NEW – 2 hours ago
CAMBRIDGE, Mass. (BP) — It seems the older you get, the faster time flies by. One evening in early October at Southwestern Baptist Theological Seminary, I surveyed the beautiful landscape — the student center, the educational buildings, the president’s residence — they looked unchanged from when I was a student in 1973-76.
As I was sitting and praying on the bench my wife and I had donated to the school, I began to think about my classmates who had journeyed together with me on this campus over four decades ago. I wondered to myself, “Where are they now?” I was suddenly flooded with past memories of the years living life together, jogging around campus before dinner, spending hours in the library studying Hebrew and Greek, attending chapel services, and so on. Those were some of the best years of my life and I realized how much I had missed some of my classmates.
Over the years I have kept in touch with a dozen or so of them. Others I have been able to at least see their young-looking photos in the annual “funny book.” Many of them are still serving as pastors, missionaries, professors, chaplains, administrators and denominational leaders, working faithfully to spread the Gospel to the ends of the earth. Once single students living in the dorms, they now have families and most of us are grandparents and in retirement age.
Over the years, I have come to appreciate more and more the God-given ability we have to store and remember precious memories. This is because we are made in the image of God. There are numerous passages in the Bible where God remembers us. Our most cherished memories are usually about the people in our lives. Memories, then, reflect the status and nature of our past, present and future relationships. How important it is to pass down our memories from generation to generation!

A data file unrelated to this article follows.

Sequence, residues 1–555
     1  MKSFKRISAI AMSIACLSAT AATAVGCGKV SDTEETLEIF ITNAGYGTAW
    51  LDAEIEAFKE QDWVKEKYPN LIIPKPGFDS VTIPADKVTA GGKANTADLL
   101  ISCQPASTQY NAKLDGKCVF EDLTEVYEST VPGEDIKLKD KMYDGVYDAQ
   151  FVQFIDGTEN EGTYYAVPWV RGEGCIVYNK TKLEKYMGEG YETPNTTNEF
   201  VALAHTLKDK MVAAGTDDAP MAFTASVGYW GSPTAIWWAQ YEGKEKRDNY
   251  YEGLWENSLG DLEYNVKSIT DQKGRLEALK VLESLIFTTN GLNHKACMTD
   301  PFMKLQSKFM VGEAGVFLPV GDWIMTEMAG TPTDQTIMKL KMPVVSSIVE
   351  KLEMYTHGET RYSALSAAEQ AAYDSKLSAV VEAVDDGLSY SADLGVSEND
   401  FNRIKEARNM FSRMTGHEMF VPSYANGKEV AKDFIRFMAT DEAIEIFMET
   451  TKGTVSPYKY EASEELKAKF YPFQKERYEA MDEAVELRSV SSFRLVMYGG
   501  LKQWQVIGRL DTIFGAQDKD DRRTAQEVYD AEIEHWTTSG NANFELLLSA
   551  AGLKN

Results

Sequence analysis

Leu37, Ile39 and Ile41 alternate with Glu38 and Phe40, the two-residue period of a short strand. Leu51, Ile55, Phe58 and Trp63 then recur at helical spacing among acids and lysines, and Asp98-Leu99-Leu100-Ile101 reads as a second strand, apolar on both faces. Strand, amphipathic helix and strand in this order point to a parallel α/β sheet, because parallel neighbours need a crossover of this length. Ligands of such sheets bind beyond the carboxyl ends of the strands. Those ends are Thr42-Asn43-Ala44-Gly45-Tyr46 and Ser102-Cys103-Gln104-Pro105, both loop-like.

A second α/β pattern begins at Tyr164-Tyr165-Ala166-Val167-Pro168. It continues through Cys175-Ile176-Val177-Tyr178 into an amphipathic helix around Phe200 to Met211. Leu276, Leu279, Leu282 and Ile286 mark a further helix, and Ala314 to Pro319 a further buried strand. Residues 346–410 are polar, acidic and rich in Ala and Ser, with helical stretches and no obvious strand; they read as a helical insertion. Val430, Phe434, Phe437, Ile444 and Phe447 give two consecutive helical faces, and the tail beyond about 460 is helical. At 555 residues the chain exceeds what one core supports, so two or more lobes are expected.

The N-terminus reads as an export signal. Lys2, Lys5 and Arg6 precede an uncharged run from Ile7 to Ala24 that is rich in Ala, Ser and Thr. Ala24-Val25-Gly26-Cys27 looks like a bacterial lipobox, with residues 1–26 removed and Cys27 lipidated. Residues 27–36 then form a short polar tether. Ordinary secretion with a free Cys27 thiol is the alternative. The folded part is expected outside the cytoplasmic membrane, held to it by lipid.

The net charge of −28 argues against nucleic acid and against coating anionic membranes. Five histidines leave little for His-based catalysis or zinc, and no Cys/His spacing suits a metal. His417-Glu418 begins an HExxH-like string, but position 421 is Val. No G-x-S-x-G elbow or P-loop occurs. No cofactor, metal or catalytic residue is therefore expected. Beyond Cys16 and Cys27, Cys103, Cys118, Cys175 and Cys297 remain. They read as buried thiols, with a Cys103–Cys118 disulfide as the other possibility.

Paul Kim sits on a bench donated by his family to Southwestern Baptist Theological Seminary.
Last year my wife and I were invited by Ronnie Floyd to attend the National Day of Prayer at the U.S. Capitol rotunda. Surrounding the rotunda were various sculptures of our nation’s past heroes. I thought about how much they had achieved in this world, but of course they all died. They are now memorialized in stone for us pass down their stories. One day our earthly life will come to an end at God’s appointed time. No matter how much we want or how hard we try, we cannot live beyond God’s timetable for us, and no one knows when our last hour on earth will be.
“Where are they now?” That’s a question we should only seldom ask. While we still have life we should invest our lives in relationships because time to love is short. Are you investing your life in people who will cry at your funeral? Are there relationships you need to restore or people you need to be reconciled with? Are there people you need to reconnect with? As a seminary trustee, my prayer and hope has been that we can create a community that puts relationship-building at the center of pastoral ministry and education. Since we have eternal hope in an eternal God, may our memories on earth reflect our love relationship in Christ and with one another, because they will remain forever.
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